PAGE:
Longo et al. (33) described a method for quantifying fat infiltration of the liver using 1H MRS studies of lipid extracts from steatotic liver specimens by determining the lipid volume fraction with the definition of a ratio of the fat signal peak area (FTSA) of the detectable fat signal peak area (region 0.5–3.0 p.p.m.) to the total signal peak area (region 0.5–5.5 p.p.m.). The signals from lipid protons resonating between 3.0 and 5.5 p.p.m. were not considered because of ‘masking’ by the water proton resonance.

Assuming a ratio of 0.85 between the signal integrals in the two spectral regions, the lipid volume fraction can be expressed by the formula (33)

  • image

A comparison of the results showed that MRS slightly overestimated fat infiltration compared with CT (<4%), while histomorphometry based on biopsy specimens underestimated the fat content of liver by about 30 and 50%.

Using the equations validated by Longo et al. (33), Szczepaniak et al. (35) used 1H MRS to analyse the distribution of the hepatic triglyceride content in 2349 patients from the Dallas Heart Study. The study demonstrated that 1H MRS can be used well in a clinical setting to assess hepatic fat content.

Intake of a high-fat meal did not significantly affect the measurements, and the values were similar when measurements were made from the right and left hepatic lobes. The upper limit of the normal level for hepatic triglycerides was determined by examination of 345 subjects who had no identifiable risk factors for hepatic steatosis (nonobese, nondiabetic, minimal alcohol consumption, normal liver function tests and no known liver disease).

The 95th percentile in these subjects was 5.56%, which corresponded to a hepatic triglyceride level of 55.6 mg/g. This value corresponds to the traditional threshold of 50 mg/g (5% by wet weight) that is considered to be diagnostic of hepatic steatosis (34, 36). Based on this cut-off value, the prevalence of hepatic steatosis in that study was estimated to be 33.6%.

Machann et al. (30) also revealed a marked interindividual variability of hepatic lipid levels in the range of 0.5–39.3%. Moreover, their study showed a homogenous fat distribution in individual livers with no tendency towards the presence of different amounts of lipids in distinct subregions or segments of the liver.

In contrast, Tarasow et al. (37) reported a variation of 6.5–87.4% in the fat content from two different positions in the liver, although only five subjects underwent examinations of two different voxel regions out of the 24 healthy volunteers investigated.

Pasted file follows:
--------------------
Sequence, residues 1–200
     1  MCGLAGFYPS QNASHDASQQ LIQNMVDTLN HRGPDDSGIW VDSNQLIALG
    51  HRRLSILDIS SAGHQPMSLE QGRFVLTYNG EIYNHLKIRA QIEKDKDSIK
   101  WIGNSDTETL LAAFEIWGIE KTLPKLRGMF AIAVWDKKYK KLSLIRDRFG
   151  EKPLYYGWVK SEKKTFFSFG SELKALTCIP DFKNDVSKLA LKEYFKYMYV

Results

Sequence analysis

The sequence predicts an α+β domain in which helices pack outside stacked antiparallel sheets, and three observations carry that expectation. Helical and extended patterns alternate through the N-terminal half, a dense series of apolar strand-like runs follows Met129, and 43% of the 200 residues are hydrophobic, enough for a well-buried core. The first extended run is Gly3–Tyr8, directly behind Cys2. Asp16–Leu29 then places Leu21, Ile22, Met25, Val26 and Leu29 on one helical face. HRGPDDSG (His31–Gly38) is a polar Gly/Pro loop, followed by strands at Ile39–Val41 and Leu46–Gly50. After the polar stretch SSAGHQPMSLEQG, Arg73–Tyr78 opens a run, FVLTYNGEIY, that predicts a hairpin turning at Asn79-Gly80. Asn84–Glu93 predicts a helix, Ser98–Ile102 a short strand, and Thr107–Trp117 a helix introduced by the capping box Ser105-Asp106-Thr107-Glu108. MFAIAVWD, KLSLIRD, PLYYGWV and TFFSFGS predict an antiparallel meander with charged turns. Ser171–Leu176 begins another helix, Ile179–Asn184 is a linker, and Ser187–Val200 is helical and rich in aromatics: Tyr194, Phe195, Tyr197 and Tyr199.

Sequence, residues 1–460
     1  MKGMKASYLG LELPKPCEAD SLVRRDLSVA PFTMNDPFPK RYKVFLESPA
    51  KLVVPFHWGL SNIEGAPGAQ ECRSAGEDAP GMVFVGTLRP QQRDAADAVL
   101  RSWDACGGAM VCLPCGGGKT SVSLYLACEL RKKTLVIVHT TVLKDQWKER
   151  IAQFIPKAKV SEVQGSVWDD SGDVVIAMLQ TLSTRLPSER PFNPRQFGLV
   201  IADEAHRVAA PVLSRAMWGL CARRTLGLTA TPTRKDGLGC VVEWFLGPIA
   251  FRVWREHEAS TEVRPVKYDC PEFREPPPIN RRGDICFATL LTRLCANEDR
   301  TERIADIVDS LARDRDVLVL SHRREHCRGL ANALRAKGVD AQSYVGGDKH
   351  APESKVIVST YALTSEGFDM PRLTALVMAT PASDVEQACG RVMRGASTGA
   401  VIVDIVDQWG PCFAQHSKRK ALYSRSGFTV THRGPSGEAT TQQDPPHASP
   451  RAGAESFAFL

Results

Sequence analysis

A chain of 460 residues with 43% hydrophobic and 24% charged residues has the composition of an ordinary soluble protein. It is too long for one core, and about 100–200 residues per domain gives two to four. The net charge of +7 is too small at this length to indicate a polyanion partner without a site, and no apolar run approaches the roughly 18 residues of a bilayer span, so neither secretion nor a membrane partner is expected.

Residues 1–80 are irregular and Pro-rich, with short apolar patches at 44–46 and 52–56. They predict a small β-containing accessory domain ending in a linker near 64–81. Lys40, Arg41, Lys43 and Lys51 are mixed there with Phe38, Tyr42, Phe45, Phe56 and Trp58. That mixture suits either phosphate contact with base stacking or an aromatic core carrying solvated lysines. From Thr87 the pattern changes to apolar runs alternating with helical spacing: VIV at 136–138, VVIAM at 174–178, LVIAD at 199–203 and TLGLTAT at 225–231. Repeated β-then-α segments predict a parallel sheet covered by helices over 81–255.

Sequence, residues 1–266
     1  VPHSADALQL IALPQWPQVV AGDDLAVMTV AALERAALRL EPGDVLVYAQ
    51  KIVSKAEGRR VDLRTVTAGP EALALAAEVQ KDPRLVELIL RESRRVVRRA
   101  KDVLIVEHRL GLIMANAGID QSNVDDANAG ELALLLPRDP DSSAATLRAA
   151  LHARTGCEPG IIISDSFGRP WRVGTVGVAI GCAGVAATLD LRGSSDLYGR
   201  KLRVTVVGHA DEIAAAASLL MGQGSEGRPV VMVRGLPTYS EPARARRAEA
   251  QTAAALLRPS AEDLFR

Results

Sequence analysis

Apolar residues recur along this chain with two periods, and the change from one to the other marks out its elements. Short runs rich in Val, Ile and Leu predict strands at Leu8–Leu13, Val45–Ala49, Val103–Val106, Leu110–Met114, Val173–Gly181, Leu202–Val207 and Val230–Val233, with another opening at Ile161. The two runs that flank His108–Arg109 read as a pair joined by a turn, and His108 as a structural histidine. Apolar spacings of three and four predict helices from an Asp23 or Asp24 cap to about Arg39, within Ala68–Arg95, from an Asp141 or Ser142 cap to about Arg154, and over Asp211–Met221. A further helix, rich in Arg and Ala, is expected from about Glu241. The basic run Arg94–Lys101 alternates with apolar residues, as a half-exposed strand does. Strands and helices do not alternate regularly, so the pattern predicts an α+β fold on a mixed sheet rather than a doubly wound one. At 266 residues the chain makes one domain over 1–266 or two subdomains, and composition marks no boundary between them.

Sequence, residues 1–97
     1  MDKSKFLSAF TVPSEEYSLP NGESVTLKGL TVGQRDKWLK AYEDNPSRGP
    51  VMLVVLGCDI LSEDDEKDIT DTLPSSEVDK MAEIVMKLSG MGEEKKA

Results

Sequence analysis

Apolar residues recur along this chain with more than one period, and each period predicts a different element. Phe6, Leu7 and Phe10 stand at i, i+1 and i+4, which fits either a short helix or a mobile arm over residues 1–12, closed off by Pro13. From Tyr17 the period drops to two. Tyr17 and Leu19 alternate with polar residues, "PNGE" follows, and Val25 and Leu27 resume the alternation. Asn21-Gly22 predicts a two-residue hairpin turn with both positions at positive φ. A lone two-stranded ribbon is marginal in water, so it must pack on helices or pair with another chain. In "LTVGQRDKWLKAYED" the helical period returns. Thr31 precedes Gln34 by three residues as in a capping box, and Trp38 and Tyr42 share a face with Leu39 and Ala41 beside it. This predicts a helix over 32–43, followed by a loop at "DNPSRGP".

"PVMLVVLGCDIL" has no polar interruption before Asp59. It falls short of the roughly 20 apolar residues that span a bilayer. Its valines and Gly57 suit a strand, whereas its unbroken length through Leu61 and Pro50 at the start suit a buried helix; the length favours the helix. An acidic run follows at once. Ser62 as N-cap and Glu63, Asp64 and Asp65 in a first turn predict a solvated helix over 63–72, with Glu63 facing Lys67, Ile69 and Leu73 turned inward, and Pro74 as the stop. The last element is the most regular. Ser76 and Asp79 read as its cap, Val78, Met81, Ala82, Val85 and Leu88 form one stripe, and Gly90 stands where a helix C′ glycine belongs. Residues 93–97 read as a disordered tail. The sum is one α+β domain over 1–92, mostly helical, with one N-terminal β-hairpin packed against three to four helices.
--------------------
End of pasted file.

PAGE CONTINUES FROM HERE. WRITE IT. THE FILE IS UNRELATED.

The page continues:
Thomas et al. (38) stated that there appeared to be no significant regional differences in the relative levels of fat distribution, but substantial interindividual variation. Some volunteers showed a difference in fat content of up to 50% between regions, whereas in others it was <1%.

Mahmood et al. (39) observed a statistically significant positive correlation between the hepatic lipid concentration and the BMI, suggesting that the tendency towards obesity is also connected to lipid accumulation in the liver. The relation of the hepatic fat content to the body adiposity has been confirmed by Thomas et al. (38), who showed that the fat signals detected in all subjects were significantly larger in overweight subjects compared with lean subjects (with triglyceride contents >5.5%).

Also, Schonfeld et al. (40) found an increased fat content in obese patients compared with controls, although the latter still showed considerable levels of hepatic triglycerides.

On the other hand, no significant relationship was observed in a group of 20 volunteers between the thickness of subcutaneous fat tissue and lipid concentration in the liver (36).

Mahmood et al. (39) reported a negative correlation between the visceral and subcutaneous fat tissue ratio in men and the degree of liver attenuation in CT images.

All studies were performed at a lower field strength of 1.5 T. In our own in vivo studies, at 3.0 T, a wide range of hepatic fat content was observed in the study population, even though there was no history of liver disease (41). Lower levels were generally found in younger and healthier volunteers, while older less active subjects showed a higher content.

It is still unclear to date as to which factors determine and modulate accumulation of hepatic fat in human subjects, both in health and in disease. A genetic susceptibility appears to be likely. A thorough understanding of the possible heterogeneity of liver triglyceride distribution is important, because it may have major implications for interventional studies.